Customs and Excise Officer

    If you are wondering how to become a customs and excise officer, below are tips and advice on training for and beginning careers in this area of home security, as well as job prospects in the UK.

    The Job Description
    Officers working for Her Majesty’s Revenue and Customs (HMRC) collect a range of taxes and duties, control imported and exported goods, and prevent banned items from entering or leaving the country.

    As a border protection (customs) officer, you would work in airports, ports and freight terminals to collect customs duty and prevent smuggling and illegal trade.

    Typical responsibilities:

    search luggage, vehicles and travellers
    check customs documents
    question people who have been found with illegal items or excess goods
    arrest and charge people
    prepare reports and witness statements
    take on specialist roles such as dog handling or undercover and surveillance work.
    As an excise officer or VAT assurance officer, you would make sure that businesses pay the right amount of excise duty and/or VAT, by:

    visiting businesses to audit their accounts
    advising traders about the law, and how to improve their accounting methods
    preparing reports
    taking legal action to make businesses pay what they owe.
    In all cases you would occasionally attend court as a witness, and work closely with other agencies like the police and the Home Office.

    Person Specification
    The key personal attributes of good customs and excise officers include:

    be able to analyse information and make decisions
    work accurately and pay attention to detail
    be able to work alone and also as part of a team
    have good listening and questioning skills
    be able to present information in a clear and logical way
    be tactful and polite
    be honest and fair in applying rules
    have good mathematical skills, for examining accounts and making calculations.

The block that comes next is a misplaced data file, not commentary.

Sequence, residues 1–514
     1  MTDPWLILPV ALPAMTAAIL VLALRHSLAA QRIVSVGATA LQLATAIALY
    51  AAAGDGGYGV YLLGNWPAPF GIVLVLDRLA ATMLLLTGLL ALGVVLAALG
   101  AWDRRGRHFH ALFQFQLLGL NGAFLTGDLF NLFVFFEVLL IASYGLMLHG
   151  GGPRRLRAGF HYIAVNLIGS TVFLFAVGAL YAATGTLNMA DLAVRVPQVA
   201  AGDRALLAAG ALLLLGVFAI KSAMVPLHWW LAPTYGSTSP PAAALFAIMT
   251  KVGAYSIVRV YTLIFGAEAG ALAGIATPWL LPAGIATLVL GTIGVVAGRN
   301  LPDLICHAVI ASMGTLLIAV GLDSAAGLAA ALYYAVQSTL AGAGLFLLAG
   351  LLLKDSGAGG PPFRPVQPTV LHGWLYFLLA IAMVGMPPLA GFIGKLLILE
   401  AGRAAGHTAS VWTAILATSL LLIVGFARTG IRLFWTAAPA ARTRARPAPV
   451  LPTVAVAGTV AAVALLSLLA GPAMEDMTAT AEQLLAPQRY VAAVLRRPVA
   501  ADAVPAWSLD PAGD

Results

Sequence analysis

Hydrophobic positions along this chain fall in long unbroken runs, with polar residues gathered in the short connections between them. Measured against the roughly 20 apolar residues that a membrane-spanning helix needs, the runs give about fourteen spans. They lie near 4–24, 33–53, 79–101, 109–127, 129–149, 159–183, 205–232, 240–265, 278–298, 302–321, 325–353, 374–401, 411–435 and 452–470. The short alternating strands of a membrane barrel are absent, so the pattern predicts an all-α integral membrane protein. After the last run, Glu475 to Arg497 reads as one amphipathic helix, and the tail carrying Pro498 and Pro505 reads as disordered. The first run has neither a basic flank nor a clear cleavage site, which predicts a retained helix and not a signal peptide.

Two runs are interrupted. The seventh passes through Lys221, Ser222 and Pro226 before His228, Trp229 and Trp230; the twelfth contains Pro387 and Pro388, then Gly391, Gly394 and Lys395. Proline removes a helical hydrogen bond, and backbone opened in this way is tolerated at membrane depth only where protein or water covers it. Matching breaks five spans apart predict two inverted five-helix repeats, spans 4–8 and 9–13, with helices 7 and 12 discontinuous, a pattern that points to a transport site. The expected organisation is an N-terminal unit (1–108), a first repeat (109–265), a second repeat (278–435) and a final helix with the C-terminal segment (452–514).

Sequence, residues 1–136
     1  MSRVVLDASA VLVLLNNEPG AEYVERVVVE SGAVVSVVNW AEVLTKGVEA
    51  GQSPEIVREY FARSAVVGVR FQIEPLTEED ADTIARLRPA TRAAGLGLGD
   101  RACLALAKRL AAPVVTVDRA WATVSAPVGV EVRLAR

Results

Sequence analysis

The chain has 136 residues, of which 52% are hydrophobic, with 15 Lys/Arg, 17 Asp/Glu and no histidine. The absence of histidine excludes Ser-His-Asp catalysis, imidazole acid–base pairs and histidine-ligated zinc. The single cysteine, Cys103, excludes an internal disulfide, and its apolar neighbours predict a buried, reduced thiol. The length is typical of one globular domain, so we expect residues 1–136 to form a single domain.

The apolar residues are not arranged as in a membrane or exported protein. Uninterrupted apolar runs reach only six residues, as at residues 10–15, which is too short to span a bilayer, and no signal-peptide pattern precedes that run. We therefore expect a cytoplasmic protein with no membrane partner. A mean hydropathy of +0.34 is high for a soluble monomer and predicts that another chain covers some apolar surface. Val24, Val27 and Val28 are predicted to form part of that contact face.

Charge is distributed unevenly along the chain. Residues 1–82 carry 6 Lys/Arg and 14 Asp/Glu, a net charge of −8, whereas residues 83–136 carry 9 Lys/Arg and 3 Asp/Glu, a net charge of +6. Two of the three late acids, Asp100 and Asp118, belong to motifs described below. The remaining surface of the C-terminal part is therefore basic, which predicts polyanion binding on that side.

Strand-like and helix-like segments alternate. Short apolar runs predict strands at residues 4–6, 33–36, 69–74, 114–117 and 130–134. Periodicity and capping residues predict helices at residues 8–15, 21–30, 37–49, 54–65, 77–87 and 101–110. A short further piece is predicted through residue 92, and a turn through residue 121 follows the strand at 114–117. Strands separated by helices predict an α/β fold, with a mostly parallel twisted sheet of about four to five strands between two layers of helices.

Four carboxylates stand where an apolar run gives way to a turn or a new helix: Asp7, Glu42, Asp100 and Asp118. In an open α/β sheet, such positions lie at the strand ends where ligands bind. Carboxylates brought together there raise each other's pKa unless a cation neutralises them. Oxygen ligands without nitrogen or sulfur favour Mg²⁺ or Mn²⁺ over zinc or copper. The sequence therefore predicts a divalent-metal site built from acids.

How to become a customs and excise officer
    Border protection, excise and VAT assurance officer jobs are at HMRC’s Officer grade. You would normally join as an administrative assistant or assistant officer and earn promotion to officer, although HMRC sometimes recruits directly into officer grade.

    To join at Officer grade you are likely to need five GCSEs (A-C) including English and maths, plus two A levels or equivalent qualifications. You will usually need two GCSEs (A-C) to join HMRC as an administrative assistant, and five GCSEs (A-C) including maths and English for assistant officer jobs.

    However, if you do not have these qualifications, you may be able to instead take a selection test to prove your skills and abilities in areas like teamwork and communication. Please check entry requirements for each vacancy.

    You must also meet the Civil Service nationality requirement. All jobs are open to British nationals and many are also open to Commonwealth citizens or European Union nationals.

    Training and Development
    You would be trained on the job through a mixture of structured in-house training courses and learning from experienced staff. Training usually lasts around nine months, and may include some residential training courses.

    You are encouraged to identify your own training needs throughout your career, as part of an appraisal and staff development programme.

    The Pay (a rough guide)
    Salaries at administrative and assistant grades are between £12,734 and £18,716 a year.
    Officers earn between £19,587 and £25,206 a year.
    Salaries after promotion to higher officer grades are between £24,513 and £38,099 a year.

    Job Prospects
    Jobs are advertised on the HMRC and Civil Service Recruitment Gateway websites, in the local and national press and in Jobcentre Plus.

    There is a clear promotion structure in the Civil Service. You could stay within HMRC and progress through the grades, or you could choose to transfer to other Civil Service departments and agencies. You may need to relocate to gain promotion.

    Useful security or armed forces resources:
    HM Revenue and Customs (HMRC)

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